Oh, and before I say anything else... I'd like to wish Canada an early
The missus has been trying some new recipes this week and they've been very successful. She made Chicken Chasseur (a fond memory of her mother's cooking) and yesterday, Boeuf Bourguinon (we'd seen it on a CBC show, Back in Time for Dinner. They follow a Canadian family from Toronto; making them live in a different decade from the 40's to the present. In the '60s episode, they had the mother cook Boeuf Bourguinon... Jo's was much better... :0)
I finished one last book this month.
"The Old Man in the Corner by Baroness Emma Orczy was a little gem. I'd read her adventure, The Scarlet Pimpernal, and had enjoyed quite a bit. While I was reading it, my wife mentioned that she remembered a radio series she'd listened too many years ago, which was based on Orczy's book about The Old Man in the Corner. It sounded interesting and so I decided to see if I could find a copy; which I did at The Book Depository (one of their print on demand books).
Basically, the book is a collection of short story mysteries. They remind me somewhat of Isaac Asimov's books about the Black Widowers, in which a group of older men, meet regularly at their club and meet someone who explains their circumstances (normally involving a crime) and then without leaving their club they try to solve it (usually with final words from the waiter). The Old Man in the Corner features a similar situation. Newspaper reporter, Polly, meets regularly with The Old Man at a local cafe (an A.B.C shop as it's called) and the old man details a recent court case; a robbery, a murder etc. Polly basically listens while the old man tells her the story and then solves the case, a case that has continually befuddled the police and courts.
There are a variety of stories in the book and each is interesting as is the Old Man's solutions. I enjoyed each case and the Old Man's quirks (he is impulsive about tying a string in knots as he goes through each case). Once solved he basically disappears until the next meet. The stories are short and grab you right away and the solutions are also interesting. What I particularly enjoyed was the final case and Polly finally getting in the last word. It was a surprising ending that actually had me laughing out loud in amazement. I enjoyed this book very much and recommend highly. (4.5 stars)"
I didn't start a new book when I finished this last book as I already had 4 books on the go. I'll finish one of those first before I start another.
Bill's Authors A - Z
"Definitely a different mystery writer. I enjoyed it very much. I had seen a couple of episodes of the TV series, Vera previously and Ann Cleeves had received some recommendations from my Goodreads acquaintances. So I finally got the first book and took the time to read it. Quite different from the series which is, of course, Vera-centric. In the book, you don't really meet Vera Stanhope until about half way through and she is almost peripheral as we explore the other women's lives and the events which are being investigated. Very methodical, interesting way of developing a story and ultimately the solving of the mystery is almost incidental. Vera is an interesting copper, not like any others I've read about, grumpy, a busy-body, but still with an intuition towards solving the crime. I enjoyed this and will read other Ann Cleeves stories."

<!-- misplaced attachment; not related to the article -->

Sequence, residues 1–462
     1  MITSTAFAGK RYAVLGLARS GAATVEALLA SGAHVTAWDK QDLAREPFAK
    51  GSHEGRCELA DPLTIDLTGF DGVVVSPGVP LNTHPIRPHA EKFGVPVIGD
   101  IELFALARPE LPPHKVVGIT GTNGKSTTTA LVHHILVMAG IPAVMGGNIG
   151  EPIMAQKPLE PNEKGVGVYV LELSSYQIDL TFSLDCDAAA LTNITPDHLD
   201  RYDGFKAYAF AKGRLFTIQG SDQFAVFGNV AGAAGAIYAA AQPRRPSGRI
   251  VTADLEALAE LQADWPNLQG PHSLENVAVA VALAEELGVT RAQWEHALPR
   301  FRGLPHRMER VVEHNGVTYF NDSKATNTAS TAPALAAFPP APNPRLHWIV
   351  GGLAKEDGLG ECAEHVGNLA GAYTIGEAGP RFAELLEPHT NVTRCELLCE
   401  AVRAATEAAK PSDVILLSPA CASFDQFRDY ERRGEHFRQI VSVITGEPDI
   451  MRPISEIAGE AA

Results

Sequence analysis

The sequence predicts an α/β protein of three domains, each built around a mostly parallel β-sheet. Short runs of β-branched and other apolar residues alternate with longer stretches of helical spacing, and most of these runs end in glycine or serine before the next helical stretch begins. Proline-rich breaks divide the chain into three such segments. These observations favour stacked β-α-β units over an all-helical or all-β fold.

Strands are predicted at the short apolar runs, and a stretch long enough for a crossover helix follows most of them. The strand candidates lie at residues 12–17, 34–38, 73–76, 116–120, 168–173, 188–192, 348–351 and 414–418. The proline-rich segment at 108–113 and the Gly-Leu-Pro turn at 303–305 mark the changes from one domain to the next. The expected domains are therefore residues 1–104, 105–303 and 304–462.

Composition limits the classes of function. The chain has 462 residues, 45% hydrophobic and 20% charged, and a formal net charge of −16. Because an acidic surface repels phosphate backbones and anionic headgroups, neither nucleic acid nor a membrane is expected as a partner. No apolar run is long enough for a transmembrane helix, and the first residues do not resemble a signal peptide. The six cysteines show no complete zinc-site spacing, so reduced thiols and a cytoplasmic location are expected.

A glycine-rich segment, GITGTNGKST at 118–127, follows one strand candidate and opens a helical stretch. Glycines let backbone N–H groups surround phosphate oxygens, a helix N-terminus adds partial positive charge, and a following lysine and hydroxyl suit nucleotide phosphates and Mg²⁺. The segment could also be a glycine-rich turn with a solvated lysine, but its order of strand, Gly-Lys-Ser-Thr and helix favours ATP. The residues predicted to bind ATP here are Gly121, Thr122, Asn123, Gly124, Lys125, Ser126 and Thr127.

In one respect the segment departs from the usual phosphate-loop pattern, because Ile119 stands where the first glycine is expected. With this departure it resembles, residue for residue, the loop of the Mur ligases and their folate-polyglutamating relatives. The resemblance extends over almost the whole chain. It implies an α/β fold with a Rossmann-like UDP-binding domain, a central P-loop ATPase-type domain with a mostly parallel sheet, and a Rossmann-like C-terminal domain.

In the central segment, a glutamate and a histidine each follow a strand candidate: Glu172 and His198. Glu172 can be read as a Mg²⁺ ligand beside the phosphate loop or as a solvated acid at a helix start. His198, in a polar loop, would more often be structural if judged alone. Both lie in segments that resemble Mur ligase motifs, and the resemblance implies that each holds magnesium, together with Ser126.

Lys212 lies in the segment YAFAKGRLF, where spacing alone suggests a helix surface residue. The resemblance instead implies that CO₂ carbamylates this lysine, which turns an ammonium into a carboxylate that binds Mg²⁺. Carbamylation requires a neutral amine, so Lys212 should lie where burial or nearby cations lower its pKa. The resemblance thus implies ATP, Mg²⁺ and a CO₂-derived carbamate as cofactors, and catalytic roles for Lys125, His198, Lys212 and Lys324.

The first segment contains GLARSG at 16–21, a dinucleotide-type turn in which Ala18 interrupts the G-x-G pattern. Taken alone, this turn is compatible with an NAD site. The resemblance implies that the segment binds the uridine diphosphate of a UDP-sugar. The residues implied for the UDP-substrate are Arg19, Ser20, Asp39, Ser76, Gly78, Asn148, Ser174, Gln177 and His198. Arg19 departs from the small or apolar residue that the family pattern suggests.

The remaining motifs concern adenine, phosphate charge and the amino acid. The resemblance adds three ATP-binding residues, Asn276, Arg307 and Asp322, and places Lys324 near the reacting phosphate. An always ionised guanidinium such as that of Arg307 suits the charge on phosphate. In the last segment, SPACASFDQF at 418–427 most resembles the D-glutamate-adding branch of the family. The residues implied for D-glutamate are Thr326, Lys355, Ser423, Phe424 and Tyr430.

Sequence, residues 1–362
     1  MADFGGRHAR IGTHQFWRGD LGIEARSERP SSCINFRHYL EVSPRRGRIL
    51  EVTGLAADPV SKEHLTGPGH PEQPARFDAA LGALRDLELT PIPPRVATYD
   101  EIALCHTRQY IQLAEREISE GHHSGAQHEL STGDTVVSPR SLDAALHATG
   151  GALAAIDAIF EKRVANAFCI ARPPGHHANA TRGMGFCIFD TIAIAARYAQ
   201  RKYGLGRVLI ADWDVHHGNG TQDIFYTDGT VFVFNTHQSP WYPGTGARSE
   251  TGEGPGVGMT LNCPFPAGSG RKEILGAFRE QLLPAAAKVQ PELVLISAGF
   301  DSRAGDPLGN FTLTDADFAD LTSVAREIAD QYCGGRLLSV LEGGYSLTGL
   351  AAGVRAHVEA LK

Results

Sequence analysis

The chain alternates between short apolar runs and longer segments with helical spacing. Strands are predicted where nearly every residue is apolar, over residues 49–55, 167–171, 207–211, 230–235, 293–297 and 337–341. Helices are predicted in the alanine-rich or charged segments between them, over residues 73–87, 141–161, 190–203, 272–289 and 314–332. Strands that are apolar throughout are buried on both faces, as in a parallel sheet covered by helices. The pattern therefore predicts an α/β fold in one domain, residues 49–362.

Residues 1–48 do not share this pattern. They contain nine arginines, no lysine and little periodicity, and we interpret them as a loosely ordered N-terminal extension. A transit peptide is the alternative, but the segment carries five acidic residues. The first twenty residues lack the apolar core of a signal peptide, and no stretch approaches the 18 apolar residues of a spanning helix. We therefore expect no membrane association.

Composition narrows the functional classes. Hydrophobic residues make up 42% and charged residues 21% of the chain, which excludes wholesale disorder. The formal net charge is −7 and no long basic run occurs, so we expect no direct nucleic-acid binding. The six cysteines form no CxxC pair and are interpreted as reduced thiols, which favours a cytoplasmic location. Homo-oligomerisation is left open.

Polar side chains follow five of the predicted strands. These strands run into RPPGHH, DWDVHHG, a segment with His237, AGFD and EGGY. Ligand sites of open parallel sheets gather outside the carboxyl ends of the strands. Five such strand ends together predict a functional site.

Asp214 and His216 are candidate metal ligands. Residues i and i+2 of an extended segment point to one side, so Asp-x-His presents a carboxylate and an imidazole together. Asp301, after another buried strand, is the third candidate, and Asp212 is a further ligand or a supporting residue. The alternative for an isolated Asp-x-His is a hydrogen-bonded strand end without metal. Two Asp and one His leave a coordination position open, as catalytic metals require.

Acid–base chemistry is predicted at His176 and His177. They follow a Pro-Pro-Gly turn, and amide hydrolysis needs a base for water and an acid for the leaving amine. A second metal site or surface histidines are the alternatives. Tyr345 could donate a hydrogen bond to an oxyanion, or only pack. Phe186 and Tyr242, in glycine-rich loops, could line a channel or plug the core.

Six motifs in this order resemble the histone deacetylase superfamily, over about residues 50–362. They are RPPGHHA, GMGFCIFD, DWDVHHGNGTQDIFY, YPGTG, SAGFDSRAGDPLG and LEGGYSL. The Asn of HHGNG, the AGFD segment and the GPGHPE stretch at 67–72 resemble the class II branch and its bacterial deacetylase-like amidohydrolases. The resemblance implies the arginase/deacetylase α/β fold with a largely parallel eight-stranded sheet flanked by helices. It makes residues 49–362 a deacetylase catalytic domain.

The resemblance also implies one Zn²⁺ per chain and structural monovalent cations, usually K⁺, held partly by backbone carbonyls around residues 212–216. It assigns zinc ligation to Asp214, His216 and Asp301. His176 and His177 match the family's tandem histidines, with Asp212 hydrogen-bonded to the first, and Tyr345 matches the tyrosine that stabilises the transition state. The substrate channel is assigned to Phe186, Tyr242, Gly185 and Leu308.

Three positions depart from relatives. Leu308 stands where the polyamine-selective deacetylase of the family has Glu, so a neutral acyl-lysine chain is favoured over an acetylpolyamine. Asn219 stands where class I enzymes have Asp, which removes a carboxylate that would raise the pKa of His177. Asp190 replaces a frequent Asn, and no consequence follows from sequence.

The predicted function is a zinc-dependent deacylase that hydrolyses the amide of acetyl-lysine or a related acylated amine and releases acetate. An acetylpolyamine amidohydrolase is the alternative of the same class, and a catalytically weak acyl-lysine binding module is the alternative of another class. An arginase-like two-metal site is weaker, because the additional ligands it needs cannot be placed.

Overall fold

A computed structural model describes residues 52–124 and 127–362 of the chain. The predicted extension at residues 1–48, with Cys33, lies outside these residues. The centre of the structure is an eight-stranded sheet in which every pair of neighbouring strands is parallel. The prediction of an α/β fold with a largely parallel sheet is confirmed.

There are currently 8 books in the Vera series. You can also catch the TV series based on the books. It's also quite good.
"This was an enjoyable mystery. It's the first book in the Shetland series, with Detective Inspector Jimmy Perez, a former resident of the Shetland islands, looking to solve the murder of a young girl. Now I had already watched the TV mini-series based on the books so found myself trying to find the similarities and differences between the show and the book, but the book was interesting enough that this constant comparison didn't detract from my enjoyment of the book, itself. There are quite a few differences; characters (the female Sgt from the TV show was not in the book) and I think that the resolution of the story was quite different from that of the TV series, which is interesting in itself. All in all, it was an excellent, entertaining introduction to this series by Ann Cleeves. I look forward to reading more of the books."
"World War I hero and Scotland Yard detective Joe Sandilands is traveling to Simla, summer capital of the British Raj, when he is thrust abruptly—and bloodily—into his second case of serial murder: His traveling companion, a Russian opera singer, is shot dead at his side in the Governor of Bengal's touring car at a crossroads known as Devil's Elbow. Like Cleverly's award-winning and enthusiastically reviewed The Last Kashmiri Rose, which debuted Sandilands, Ragtime in Simla effectively combines exotic settings with high suspense in a deftly plotted tale of 1920s India. At Simla, in the pine-scented Himalayan hills, the English colonials have re-created a bit of home with half-timbered houses, glittering dinner tables, amateur theatricals, and gymkhanas. But when Joe's murder investigation turns up an identical unsolved killing a year earlier, he begins to uncover behind the close-knit community's sparkling facade a sinister trail of blackmail, vice, and deadly secrets."